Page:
NFL Black Monday: Why head coach firings can cost teams for years

Giants, Browns fire head coaches after disappointing 2019 seasons

Each season, the dubious NFL tradition known as “Black Monday” leaves several head coaches without a job and, in some cases, their old employer on the hook to pay the remainder of their contracts.

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As of Monday at 4 p.m. ET, two NFL franchises had opted to fire their head coaches: the New York Giants, who parted ways with Pat Shurmur, and the Cleveland Browns, who cut ties with Freddie Kitchens. The Washington Redskins fired team president Bruce Allen, and a meeting later this week between Jacksonville Jaguars owner Shad Khan and head coach Doug Marrone is widely expected to result in his dismissal.

Barring a contract settlement, the Giants front office will likely feel the impact of Shurmur’s dismissal for years to come. While the financial details of his deal were never released, the Giants fired Shurmur just two years into the five-year contract he signed prior to the 2018 NFL season. When the Giants hire Shurmur’s successor, they will still owe Shurmur money for the next several years.

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In most cases, NFL coaches sign contracts that include offset clauses. Franchises that fire head coaches must pay the full salary as stipulated unless another team hires them. In that case, the coach’s original employer must cover some or all of the balance in salary.

A prominent example of offset language in action occurred in 2017, when the San Francisco 49ers still owed former head coach Chip Kelly millions of dollars in salary even after he signed an agreement to coach college football’s UCLA Bruins.

The Giants aren’t the only franchise entering a transitional phase with their former coach still on the books. Marrone is under contract with the Jaguars through the 2021 season.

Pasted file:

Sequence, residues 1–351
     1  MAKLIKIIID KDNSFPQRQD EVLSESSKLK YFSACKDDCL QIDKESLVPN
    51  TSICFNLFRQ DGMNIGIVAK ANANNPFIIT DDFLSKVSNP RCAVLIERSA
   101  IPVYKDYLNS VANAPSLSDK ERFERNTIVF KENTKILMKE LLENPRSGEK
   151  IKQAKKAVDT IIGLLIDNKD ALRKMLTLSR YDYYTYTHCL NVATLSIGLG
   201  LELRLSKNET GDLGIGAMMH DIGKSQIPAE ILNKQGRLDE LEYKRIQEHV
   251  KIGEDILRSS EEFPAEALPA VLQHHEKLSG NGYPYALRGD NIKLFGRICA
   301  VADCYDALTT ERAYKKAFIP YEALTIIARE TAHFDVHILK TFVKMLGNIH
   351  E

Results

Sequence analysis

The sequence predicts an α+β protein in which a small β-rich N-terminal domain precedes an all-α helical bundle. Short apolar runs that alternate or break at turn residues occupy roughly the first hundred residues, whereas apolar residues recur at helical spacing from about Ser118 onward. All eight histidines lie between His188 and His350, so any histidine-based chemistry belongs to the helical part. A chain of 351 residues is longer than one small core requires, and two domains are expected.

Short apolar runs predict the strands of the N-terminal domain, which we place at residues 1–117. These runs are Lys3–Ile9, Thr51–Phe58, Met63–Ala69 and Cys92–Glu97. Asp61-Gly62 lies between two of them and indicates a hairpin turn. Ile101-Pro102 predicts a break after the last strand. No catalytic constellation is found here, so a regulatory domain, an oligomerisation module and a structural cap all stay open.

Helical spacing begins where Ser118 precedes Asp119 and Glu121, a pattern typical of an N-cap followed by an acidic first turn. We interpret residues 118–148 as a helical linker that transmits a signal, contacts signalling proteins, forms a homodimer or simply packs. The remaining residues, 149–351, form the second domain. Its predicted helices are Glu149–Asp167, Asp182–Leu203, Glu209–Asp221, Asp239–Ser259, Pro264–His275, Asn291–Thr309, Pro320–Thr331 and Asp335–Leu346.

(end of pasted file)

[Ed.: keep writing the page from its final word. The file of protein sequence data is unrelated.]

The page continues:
Former Carolina Panthers head coach Ron Rivera was fired in Week 12 with a year remaining on his contract. Rivera was set to meet with Washington Redskins executives on Monday and is widely expected to sign a contract to coach the team, potentially offsetting the Panthers’ remaining financial obligation.

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The Redskins fired their former head coach Jay Gruden after a 0-5 start to the 2019 season. Washington agreed to pay Gruden the remaining $8 million on his contract, even as it prepared to hire his successor, according to the Washington Post.

A noteworthy exception is Dallas Cowboys head coach Jason Garrett, who is widely expected to lose his job with the franchise when his contract expires in January. The Cowboys' financial commitment to Garrett ends next month.

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A full breakdown of NFL head coach and front office firings so far can be viewed below.

Cleveland Browns, head coach Freddie Kitchens (Dec. 30)

New York Giants, head coach Pat Shurmur (Dec. 30)

Washington Redskins, team president Bruce Allen (Dec. 30)

Carolina Panthers, head coach Ron Rivera (Dec. 3)

Washington Redskins, head coach Jay Gruden (Oct. 7)